Times Journalists Bearing Witness in Syria
The Times recently released “Bearing Witness”, the seventh instalment in the Unquiet Film Series, its collection of films celebrating the historical and cultural impact of The Times & The Sunday Times newspapers. The film documents the kidnapping of foreign correspondent Anthony Loyd and photographer Jack Hill, who were brutally beaten and shot before their release in May 2014. Told through the eyes of Loyd and Hill themselves, “Bearing Witness” explores the battle between the growing trend for citizen journalism in areas of conflict versus independent, professional reporting and the endeavour for objective coverage in increasingly hostile environments.
Loyd and Hill were returning to Turkey from the town of Tall Rifat when their vehicle was forced to the side of the road. They were captured and held in a warehouse. Both were brutally beaten and Loyd was shot twice in the leg at close range before the Islamic Front, a rebel group who had provided some security for the journalists, confronted the gang and demanded their release.
The Times has a long heritage in war journalism going back to the Crimean War and beyond into the 1700s. Supporting the newspaper’s legacy in the field, Deputy Editor Emma Tucker and Deputy Foreign Editor Suzy Jagger provide commentary to reveal the importance of foreign correspondents for British press, including the processes and governance in place to safeguard these journalists on assignment.
Emma Tucker, Deputy Editor of The Times, comments:
“War reporting shines a light on atrocities, which can help curtail the excesses of brutal regimes and make the international community take notice. Now, when it is sadly an increasingly dangerous time for war correspondents to operate in the field, and their neutrality is no longer enough to protect them, it is vital to understand the work that they do. Our correspondents Anthony Loyd and Jack Hill are expertly placed to describe the reality of reporting from war zones. We are proud to work with Unquiet Films to tell their story.”
Film director Phil Lind comments:
“In making Bearing Witness I was given access to hear directly from those who are sent to the front line to report on war zones from around the world. In Anthony Loyd and Jack Hill you have a journalist and photographer who almost paid the ultimate price for their determination to report to us the terrifying barrel bombing attacks in Syria.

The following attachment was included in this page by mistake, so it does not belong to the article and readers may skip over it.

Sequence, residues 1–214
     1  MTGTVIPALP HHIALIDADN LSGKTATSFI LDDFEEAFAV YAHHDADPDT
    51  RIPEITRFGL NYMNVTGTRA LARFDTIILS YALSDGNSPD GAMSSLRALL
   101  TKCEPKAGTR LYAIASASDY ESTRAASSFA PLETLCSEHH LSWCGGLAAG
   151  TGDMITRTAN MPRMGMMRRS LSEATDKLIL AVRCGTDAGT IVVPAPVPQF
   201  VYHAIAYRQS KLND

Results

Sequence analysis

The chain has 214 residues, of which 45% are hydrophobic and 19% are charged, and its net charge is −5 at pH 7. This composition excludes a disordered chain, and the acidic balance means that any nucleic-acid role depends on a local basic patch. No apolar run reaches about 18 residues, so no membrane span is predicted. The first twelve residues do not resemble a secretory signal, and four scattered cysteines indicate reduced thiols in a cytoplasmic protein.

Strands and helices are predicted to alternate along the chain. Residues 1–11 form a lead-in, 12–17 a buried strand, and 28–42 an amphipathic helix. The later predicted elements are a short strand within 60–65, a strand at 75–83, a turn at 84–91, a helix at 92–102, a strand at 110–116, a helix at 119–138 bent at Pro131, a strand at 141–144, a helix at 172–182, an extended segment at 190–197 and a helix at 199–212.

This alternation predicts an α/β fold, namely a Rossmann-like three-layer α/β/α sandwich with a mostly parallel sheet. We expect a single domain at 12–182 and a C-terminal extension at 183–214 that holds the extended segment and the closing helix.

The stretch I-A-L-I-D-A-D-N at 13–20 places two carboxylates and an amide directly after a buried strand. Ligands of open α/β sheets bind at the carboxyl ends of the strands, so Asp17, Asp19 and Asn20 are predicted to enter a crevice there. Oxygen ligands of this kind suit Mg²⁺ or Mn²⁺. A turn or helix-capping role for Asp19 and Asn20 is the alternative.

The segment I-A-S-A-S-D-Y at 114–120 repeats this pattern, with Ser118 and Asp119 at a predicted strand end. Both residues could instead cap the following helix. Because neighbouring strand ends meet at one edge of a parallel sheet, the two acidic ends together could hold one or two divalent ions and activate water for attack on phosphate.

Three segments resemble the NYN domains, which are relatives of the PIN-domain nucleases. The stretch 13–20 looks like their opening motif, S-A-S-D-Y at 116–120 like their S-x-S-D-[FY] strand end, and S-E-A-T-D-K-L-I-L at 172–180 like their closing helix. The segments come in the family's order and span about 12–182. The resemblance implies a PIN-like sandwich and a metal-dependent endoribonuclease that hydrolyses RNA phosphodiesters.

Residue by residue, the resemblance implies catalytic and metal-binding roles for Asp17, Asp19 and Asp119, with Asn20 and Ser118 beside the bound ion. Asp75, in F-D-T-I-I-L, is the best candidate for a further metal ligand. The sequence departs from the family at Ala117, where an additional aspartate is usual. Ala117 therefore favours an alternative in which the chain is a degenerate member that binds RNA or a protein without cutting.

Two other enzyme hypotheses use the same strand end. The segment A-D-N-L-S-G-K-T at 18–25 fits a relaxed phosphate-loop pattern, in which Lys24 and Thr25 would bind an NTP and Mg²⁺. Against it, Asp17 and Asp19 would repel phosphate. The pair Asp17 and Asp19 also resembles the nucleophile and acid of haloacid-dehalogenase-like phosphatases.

“Filming with Anthony and Jack opened a window into a world that I did not expect. Their openness to discussing their kidnap ordeal was not only fascinating but also an incredibly sobering experience not just for me but also for the entire crew. To understand that they were actually lucky to survive their incredibly violent abduction and that they both now remain firmly committed to continuing to report from war zones for The Times is truly remarkable to me.
“I also got to hear from those that were back in HQ in Emma Tucker and Suzy Jagger, trying to track, monitor and support from afar. However big the organisation backing you, everyday split second decisions are only made by a handful of people and in Bearing Witness I have been allowed to shine a light on their world.”
The Unquiet Film Series is a collection of films celebrating the historical and cultural impact of The Times (est. 1785) and The Sunday Times (est. 1822) newspapers, crafted by some of the very best filmmakers through unprecedented access to 229 years of archive material. Bearing Witness is now open to all online at ForeverUnquiet.co.uk with future films set for release in the series over the coming months.
The Unquiet Film Series project is the result of a collaboration between News UK, Grey London and production company Betsy Works. Filming for “Bearing Witness” was shot by director Phil Lind with executive producer Peter Maynard.